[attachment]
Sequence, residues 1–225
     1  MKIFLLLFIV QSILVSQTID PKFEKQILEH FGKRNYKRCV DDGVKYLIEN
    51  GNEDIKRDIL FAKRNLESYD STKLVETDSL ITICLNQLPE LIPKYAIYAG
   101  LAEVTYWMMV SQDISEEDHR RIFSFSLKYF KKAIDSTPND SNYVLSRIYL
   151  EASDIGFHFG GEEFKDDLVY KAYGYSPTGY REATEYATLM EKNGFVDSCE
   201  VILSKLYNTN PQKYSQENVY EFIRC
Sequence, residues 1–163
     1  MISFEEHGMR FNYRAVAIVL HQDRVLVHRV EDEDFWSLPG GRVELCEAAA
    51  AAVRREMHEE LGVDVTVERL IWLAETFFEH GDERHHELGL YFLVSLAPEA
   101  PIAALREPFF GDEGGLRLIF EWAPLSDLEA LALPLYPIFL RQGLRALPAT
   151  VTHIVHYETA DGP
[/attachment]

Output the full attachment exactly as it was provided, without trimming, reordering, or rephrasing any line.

Sequence, residues 1–225
     1  MKIFLLLFIV QSILVSQTID PKFEKQILEH FGKRNYKRCV DDGVKYLIEN
    51  GNEDIKRDIL FAKRNLESYD STKLVETDSL ITICLNQLPE LIPKYAIYAG
   101  LAEVTYWMMV SQDISEEDHR RIFSFSLKYF KKAIDSTPND SNYVLSRIYL
   151  EASDIGFHFG GEEFKDDLVY KAYGYSPTGY REATEYATLM EKNGFVDSCE
   201  VILSKLYNTN PQKYSQENVY EFIRC
Sequence, residues 1–163
     1  MISFEEHGMR FNYRAVAIVL HQDRVLVHRV EDEDFWSLPG GRVELCEAAA
    51  AAVRREMHEE LGVDVTVERL IWLAETFFEH GDERHHELGL YFLVSLAPEA
   101  PIAALREPFF GDEGGLRLIF EWAPLSDLEA LALPLYPIFL RQGLRALPAT
   151  VTHIVHYETA DGP